TORONTO, Aug. 27, 2013 /CNW/ - Affordability in Manitoba's housing market was
a mixed picture in the second quarter of 2013, according to the latest Housing
Trends and Affordability Report issued today by RBC Economics Research. RBC
notes that second-quarter housing affordability in the province was only
slightly worse off than on average since the mid-1980s.
"Manitoba's homebuyers shrugged off the slightly less affordable conditions in
the second quarter resulting in a strong pick-up in resale activity," said
Craig Wright, senior vice-president and chief economist, RBC. "In fact, home
resales rebounded by 5.6 per cent from the first quarter, and following a
particularly weak winter, the spring season was quite brisk in markets such as
Winnipeg where resales returned to above the 10-year average by June."
The RBC housing affordability measures, which capture the province's
proportion of pre-tax household income needed to service the costs of owning a
home at market values, varied in the second quarter of 2013 (an increase in
the measure represents deterioration in affordability).
RBC's measure for two-storey homes increased markedly by 1.8 percentage points
to 39.9 per cent and the measure for condominiums rose slightly by 0.2
percentage points to 24.2 per cent. The measure for bungalows was down
slightly by 0.2 percentage points to 38.1 per cent.
RBC's housing affordability measure for the benchmark detached bungalow in
Canada's largest cities is as follows: Vancouver 82.1 per cent (up 2.2
percentage points from the previous quarter); Toronto 54.5 per cent (up 0.5
percentage points); Montreal 38.1 (down 0.7 percentage points); Ottawa 37.1
(up 0.5 percentage points); Edmonton 34.0 (up 1.8 percentage points); Calgary
The RBC Housing Affordability Measure, which has been compiled since 1985, is
based on the costs of owning a detached bungalow (a reasonable property
benchmark for the housing market in Canada) at market value. Alternative
housing types are also presented, including a standard two-storey home and a
standard condominium apartment. The higher the reading, the more difficult it
is to afford a home at market values. For example, an affordability reading of
50 per cent means that homeownership costs, including mortgage payments,
utilities and property taxes, would take up 50 per cent of a typical
household's monthly pre-tax income.
Highlights from across Canada:
-- British Columbia:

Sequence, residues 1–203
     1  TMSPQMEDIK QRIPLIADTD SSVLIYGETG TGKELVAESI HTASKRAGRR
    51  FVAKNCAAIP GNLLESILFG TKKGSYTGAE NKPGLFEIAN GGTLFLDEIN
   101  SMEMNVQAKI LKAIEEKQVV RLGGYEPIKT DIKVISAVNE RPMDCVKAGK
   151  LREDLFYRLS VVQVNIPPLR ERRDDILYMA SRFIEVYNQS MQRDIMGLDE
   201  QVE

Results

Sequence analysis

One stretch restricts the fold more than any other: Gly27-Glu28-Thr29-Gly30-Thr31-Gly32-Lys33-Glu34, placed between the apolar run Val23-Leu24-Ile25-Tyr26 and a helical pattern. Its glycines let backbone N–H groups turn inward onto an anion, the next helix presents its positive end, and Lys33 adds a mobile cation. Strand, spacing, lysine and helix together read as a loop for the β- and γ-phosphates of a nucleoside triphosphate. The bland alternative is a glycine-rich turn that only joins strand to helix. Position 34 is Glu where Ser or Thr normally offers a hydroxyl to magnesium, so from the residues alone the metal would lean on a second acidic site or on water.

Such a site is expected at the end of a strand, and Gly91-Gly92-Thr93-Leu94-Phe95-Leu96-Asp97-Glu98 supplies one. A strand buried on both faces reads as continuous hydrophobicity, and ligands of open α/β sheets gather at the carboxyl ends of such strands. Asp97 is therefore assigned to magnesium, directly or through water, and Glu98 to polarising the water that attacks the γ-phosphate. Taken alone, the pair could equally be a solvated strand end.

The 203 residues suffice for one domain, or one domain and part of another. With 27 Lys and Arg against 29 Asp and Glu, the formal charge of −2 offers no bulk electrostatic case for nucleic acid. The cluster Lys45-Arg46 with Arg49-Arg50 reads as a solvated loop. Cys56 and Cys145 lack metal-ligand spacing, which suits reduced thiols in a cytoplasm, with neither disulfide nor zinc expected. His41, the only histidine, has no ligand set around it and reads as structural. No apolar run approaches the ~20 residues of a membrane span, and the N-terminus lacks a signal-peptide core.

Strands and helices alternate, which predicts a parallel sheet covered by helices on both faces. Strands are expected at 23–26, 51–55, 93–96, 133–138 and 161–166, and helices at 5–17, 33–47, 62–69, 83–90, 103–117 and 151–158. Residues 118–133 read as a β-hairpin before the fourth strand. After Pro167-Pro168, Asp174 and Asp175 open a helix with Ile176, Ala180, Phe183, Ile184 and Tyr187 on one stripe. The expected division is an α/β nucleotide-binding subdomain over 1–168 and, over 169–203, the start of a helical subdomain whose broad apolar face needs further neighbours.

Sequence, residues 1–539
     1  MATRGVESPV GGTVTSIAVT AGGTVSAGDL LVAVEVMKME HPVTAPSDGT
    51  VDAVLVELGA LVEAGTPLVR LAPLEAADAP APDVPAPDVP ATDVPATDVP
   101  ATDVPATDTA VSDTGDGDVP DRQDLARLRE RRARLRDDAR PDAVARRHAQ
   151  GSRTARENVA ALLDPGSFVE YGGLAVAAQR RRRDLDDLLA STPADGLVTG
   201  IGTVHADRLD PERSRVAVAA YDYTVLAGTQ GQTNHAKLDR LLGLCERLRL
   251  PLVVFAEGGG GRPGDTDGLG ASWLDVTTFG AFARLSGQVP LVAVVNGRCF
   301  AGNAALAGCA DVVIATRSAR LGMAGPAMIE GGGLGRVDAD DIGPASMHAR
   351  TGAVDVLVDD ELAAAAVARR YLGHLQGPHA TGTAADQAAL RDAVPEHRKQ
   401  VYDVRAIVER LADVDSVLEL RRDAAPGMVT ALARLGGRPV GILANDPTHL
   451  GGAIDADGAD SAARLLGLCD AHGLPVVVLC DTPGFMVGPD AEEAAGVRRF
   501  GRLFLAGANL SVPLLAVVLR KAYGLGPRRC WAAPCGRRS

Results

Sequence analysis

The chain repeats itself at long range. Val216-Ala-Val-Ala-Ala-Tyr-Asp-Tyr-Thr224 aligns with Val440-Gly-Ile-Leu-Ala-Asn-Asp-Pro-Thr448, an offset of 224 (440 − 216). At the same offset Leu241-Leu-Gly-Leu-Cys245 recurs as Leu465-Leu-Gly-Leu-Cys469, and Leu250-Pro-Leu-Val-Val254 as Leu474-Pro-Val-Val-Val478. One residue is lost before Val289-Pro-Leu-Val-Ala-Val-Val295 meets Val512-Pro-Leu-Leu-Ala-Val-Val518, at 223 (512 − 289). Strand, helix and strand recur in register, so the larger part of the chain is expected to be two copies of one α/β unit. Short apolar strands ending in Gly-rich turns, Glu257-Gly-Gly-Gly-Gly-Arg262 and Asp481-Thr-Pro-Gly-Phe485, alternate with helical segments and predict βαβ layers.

affordability takes one step back
Homeownership of single-family homes in the province became less affordable in
the second quarter of 2013 amid a surge in resale activity since early spring
following a near two-year long cooling stretch. RBC measures rose by 1.1
percentage points for bungalows, by 0.8 percentage points for two-storey
homes, and by only 0.1 percentage points for condominiums.
homeownership remains relatively affordable
Owning a home in Alberta continued to be relatively affordable for provincial
homebuyers despite some increases in ownership costs in the past two quarters.
RBC's affordability measures for the province rose between 0.1 and 0.7
percentage points across all housing types in the second quarter; yet, levels
still stood below their long-term averages.
seesaw affordability pattern endures
Affordability in the province continued to experience a seesaw-like pattern
which has characterized this market in recent years. RBC measures rose
modestly by 0.9 percentage points for bungalow and 0.5 percentage points for
two-storey homes in the latest period, while the measure for condominiums
inched lower by 0.3 percentage points.
steady as she goes
There was little change in housing affordability in Ontario in the second
quarter. RBC's measures for both bungalows and two-storey homes rose by 0.2
percentage points relative to the first quarter, while the measure for
condominiums remained flat.
bucking the deteriorating affordability trend
The Quebec housing market bucked the national trend by enjoying a broad-based
improvement in affordability in the second quarter. RBC affordability measure
for the province fell by 0.5 percentage points for bungalows and 0.4
percentage points for condominiums; the measure for two-storey homes remained
-- Atlantic Canada:
affordability stuck in neutral
Atlantic Canada's housing affordability levels remained relatively static at
neutral levels in the second quarter of 2013. Affordability measures moved
marginally in all categories tracked by RBC: bungalows and condominiums edged
lower by 0.1 percentage points and 0.2 percentage points, respectively;
two-storey homes edged up by 0.1 percentage points.
The full RBC Housing Trends and Affordability report is available online, as
of 8 a.m. ET today, at rbc.com/economics/market/.
Craig Wright, Senior Vice-President and Chief Economist, RBC, 416 974-7457
Robert Hogue, Senior Economist, RBC, 416 974-6192 Elyse Lalonde, Manager,
Communications, RBC Capital Markets, 416 842-5635
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